the participants so far, is shown in Table 2.
Table 1
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RSL receptive and expressive skills assessed in the evaluation sessions.
Participant
Expressive
RSL skills
Receptive
skills
RSL
message
at
beginner
level
Receptive
skills
RSL
message at
advanced
level
Final
assessment
(average of
expressive
skills +
receptive
skills
mean)
P1
5
5
5
5
P2
4
5
3
4
Table 1 continued
P3
4
4
2
3.5
P4
5
5
5
5
P5
5
5
4
4.75
P6
5
5
5
5
P7
4
4
3
3.75
P8
5
5
5
5
P9
5
5
5
5
P10
4
5
4
4.75
P11
5
5
5
5
P12
4
4
4
4
P13
5
4
5
4.75
P14
4
3
4
3.75
P15
5
5
5
5
P16
4
4
3
3.75
Table 2
Ranking according to the level achieved
No of participants
(Total N=16)
Percentage
Level
7
43.75%
5
5
31.25%
4-4.99
4
25%
3-3.99
Total: 16
Total: 100%
Average level attained by
the group: 4.77
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After the training and the evaluation session, we have asked all the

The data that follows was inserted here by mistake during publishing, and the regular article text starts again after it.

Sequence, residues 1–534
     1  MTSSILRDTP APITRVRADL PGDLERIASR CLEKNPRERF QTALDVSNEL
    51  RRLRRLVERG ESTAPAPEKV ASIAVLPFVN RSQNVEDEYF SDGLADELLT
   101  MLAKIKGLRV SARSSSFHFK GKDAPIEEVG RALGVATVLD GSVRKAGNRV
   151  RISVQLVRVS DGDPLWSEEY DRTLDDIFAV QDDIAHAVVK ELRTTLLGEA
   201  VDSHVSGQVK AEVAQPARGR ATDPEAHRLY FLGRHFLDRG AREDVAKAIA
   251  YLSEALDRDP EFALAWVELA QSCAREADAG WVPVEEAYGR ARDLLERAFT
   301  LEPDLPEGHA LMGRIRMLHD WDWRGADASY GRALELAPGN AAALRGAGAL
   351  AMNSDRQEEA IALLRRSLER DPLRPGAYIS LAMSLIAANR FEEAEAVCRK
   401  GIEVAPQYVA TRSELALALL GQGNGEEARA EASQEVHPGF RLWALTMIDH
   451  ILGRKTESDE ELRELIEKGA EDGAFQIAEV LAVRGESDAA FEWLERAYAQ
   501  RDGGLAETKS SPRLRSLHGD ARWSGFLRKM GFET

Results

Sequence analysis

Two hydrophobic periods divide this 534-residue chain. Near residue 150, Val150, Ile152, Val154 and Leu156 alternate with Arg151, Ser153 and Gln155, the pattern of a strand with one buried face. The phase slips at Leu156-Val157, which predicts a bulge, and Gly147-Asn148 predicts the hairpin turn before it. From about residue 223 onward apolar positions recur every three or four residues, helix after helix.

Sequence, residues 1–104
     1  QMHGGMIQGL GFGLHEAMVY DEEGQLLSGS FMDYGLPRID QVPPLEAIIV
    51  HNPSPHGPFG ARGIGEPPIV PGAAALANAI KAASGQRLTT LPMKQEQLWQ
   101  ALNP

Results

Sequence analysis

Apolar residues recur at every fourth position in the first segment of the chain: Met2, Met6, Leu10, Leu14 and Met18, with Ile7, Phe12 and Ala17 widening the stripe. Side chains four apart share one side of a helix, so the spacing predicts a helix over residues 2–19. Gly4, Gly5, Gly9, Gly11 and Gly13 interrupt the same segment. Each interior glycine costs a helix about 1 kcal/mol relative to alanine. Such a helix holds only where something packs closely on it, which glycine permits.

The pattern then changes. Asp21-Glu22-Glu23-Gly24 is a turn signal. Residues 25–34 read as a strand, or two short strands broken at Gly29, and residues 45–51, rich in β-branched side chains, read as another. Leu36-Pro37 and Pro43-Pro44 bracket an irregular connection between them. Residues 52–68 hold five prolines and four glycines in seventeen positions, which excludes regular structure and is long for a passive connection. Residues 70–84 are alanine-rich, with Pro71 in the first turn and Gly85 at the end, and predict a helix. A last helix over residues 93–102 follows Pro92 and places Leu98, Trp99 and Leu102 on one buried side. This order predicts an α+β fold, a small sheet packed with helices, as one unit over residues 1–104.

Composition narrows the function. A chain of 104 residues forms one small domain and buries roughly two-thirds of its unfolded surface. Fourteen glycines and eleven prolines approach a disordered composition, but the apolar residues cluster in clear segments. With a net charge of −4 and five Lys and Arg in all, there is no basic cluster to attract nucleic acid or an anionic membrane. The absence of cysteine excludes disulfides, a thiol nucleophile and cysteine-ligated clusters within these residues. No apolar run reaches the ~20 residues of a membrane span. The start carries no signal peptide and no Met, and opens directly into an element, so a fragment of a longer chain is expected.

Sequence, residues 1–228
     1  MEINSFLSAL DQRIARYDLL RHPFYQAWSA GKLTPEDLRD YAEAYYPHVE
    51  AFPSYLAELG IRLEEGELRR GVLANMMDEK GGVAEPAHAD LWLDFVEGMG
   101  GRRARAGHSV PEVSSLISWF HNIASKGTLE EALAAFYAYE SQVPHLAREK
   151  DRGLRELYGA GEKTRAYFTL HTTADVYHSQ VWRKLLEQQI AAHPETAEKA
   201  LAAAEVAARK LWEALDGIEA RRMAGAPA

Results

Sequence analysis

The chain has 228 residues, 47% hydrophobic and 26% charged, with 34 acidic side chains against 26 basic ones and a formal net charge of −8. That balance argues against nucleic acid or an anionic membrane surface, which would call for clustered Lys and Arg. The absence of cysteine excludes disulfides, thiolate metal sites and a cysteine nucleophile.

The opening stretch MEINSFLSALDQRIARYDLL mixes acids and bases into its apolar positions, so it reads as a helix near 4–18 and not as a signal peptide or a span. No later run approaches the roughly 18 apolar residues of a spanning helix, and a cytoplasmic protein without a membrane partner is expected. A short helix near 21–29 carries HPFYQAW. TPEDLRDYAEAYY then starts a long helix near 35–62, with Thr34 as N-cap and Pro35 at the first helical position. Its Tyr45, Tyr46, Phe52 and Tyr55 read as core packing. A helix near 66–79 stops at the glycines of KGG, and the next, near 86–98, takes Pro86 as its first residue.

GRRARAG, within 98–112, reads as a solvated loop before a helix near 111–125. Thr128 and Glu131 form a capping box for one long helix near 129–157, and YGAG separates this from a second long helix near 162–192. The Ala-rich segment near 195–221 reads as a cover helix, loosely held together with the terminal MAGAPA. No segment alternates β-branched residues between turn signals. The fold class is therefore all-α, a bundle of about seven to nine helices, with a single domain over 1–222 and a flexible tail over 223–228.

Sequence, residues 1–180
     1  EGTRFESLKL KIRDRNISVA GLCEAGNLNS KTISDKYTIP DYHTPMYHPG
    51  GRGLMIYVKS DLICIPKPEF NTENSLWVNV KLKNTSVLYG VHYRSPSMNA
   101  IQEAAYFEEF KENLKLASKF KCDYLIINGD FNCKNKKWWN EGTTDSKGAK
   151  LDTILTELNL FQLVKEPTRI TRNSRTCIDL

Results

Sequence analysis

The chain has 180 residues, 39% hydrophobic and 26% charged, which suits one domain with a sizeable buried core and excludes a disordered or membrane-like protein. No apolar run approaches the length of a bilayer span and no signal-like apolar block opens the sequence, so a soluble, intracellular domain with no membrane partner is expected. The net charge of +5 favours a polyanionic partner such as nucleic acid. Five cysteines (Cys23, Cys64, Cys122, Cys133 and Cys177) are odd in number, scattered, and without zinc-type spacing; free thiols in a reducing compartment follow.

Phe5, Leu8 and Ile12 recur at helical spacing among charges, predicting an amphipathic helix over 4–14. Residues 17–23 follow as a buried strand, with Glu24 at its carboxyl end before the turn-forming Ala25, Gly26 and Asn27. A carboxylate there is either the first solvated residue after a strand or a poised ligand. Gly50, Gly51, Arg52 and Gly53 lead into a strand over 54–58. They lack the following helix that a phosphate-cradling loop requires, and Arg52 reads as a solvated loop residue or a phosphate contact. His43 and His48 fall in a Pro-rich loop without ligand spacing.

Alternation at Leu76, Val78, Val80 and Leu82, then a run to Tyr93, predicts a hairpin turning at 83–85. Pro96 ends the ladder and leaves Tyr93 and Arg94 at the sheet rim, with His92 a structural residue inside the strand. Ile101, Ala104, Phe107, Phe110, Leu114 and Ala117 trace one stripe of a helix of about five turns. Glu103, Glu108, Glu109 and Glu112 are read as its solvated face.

participants to fill in a survey about the signs they have learnt. The results are
discussed here. For the first statement It is easy for me to do fingerspelling,
66.7% of the respondents were in complete agreement and the rest of 33.3% said
they mostly agree with it. When asked about how easy it is to understand
fingerspelling, only 16.7% responded it is very easy; 25% said it was quite easy;
41.7% answered it was not easy, but also not difficult and the rest of 16.7% said
it was quite difficult for them to understand fingerspelling. Most of the
participants, 66.7%, said that they remembered better the signs that are made
with a hand configuration related to the fingerspelling. Also, 91.7% of the
participants answered they remembered better the signs that were explained in
terms of meaning or the culture or the history behind them. 66.7% of the
participants recognize better the signs which are accompanied by appropriate
facial expressions, while 25% were mostly in agreement with this statement and